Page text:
Blog 8: Fluidity

I don’t even know where to begin sharing what I have learned in ENGL 299 this semester. I was a bit nervous to take this class because I didn’t know exactly what it entailed and I had also changed my major two days before the Add/Drop deadline— basically diving to the waters of an English degree all at once. I think this class has been one of the most valuable courses in my college career thus far. Not only has it exposed me to many theories and valuable research paper practice, but also it has helped me to develop a clearer sense of what excites me about the subject. Although many of my other classmates were frustrated with Theory Toolbox, I actually found it really fun and interesting (most of the time). Using concepts as methods for considering “larger life questions” in literature and the world around us, more broadly, was not something I had spent much time thinking about before. Theory Toolbox revealed to me the importance of all the extrinsic factors of a text, such as an author’s own life or the historical, social, or political contexts from which it emerges. All these things are the intricate stitching of a patchwork quilt (or a literary work), which can be unraveled and maybe even re-stitched.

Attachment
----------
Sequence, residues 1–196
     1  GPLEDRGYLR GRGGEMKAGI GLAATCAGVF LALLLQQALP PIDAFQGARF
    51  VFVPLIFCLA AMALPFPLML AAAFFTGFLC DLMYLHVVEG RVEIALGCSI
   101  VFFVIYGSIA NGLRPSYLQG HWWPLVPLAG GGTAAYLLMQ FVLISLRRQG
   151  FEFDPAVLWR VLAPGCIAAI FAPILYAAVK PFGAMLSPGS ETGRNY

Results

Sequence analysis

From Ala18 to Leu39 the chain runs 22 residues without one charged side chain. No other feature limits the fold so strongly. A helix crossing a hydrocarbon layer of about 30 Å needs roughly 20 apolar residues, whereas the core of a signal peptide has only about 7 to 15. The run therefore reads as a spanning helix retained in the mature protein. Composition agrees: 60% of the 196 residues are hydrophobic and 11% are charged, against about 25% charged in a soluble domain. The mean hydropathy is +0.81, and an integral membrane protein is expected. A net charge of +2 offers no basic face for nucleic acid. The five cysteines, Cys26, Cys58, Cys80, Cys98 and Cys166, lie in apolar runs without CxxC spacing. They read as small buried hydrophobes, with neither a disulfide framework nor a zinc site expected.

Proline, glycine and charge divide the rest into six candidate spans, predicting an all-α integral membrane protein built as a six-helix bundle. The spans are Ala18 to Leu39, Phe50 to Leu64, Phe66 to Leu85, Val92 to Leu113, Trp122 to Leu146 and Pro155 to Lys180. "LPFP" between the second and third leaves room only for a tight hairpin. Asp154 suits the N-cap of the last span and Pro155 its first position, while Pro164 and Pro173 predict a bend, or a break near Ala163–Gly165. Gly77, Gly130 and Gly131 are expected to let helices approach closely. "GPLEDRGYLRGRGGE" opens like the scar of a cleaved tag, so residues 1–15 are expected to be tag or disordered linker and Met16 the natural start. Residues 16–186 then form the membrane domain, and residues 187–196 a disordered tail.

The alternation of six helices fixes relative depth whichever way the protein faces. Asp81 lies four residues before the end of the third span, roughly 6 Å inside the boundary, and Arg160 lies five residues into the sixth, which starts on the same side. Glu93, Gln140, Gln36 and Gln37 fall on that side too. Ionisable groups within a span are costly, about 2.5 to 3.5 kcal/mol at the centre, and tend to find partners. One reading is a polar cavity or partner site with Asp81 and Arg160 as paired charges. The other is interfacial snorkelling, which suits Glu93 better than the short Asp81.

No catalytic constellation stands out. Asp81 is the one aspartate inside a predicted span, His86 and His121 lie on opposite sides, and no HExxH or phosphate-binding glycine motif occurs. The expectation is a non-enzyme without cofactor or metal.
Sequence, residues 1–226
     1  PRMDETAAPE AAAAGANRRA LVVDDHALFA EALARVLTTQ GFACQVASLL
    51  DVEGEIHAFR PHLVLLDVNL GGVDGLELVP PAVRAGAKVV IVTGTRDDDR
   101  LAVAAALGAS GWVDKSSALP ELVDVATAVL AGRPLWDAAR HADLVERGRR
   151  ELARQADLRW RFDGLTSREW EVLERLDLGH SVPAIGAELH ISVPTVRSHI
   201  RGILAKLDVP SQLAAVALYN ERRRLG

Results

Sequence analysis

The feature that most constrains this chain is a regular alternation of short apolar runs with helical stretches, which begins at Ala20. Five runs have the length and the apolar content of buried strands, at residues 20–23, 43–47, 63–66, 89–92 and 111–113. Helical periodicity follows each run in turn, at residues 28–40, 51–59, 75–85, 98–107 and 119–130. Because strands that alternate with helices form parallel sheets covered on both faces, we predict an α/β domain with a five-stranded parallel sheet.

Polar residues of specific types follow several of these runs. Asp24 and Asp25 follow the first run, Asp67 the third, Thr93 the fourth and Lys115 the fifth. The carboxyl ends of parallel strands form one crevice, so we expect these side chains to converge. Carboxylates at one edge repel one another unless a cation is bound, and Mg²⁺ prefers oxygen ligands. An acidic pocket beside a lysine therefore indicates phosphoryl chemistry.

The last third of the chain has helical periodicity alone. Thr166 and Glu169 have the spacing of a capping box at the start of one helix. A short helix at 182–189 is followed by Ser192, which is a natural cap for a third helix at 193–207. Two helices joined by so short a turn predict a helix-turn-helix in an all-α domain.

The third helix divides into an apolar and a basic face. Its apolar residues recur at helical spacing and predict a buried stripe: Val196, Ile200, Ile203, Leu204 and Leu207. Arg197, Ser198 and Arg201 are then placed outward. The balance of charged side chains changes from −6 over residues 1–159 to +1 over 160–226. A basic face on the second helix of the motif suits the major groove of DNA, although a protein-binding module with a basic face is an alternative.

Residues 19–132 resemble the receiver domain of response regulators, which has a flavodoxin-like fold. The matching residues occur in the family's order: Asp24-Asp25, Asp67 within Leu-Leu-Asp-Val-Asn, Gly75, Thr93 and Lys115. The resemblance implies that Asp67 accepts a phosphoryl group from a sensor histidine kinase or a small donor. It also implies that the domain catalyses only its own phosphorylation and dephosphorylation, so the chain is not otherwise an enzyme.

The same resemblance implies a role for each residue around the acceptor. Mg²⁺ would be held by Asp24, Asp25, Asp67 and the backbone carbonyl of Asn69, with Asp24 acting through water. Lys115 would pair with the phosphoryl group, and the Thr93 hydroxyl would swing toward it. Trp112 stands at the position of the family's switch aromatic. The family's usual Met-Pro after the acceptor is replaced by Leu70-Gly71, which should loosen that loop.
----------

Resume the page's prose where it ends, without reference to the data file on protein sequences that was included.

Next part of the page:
For me, one of the biggest takeaways from this class has been realizing the fluidity of English. I’ve always been a person who hasn’t quite found my niche in academia and when I entered this class I was worried that I would fall behind, but the step-by-step research paper on a topic of my choosing was a helpful process. I enjoyed being able to discuss my passions and interests alongside the conversations of scholars and experts in the field. This class allowed me the opportunity of bringing myself to the forefront of my writing, as I wrote parts of my research paper reflecting on how Thoreau’s visionary education approach inspires me and informs my own teaching practice. Hearing lectures from professors across the field of English was a great way of surveying the many topics English touches on and noticing how relevant English studies can be to everyday living. I really can’t think of another class with material as fluid as this one. In ENGL 299 I have blogged about the sociological imagination, discussed the rhetoric of Wikipedia writers, analyzed ‘postmodern’ artwork, and written a paper that will directly impact my future career as an English teacher.


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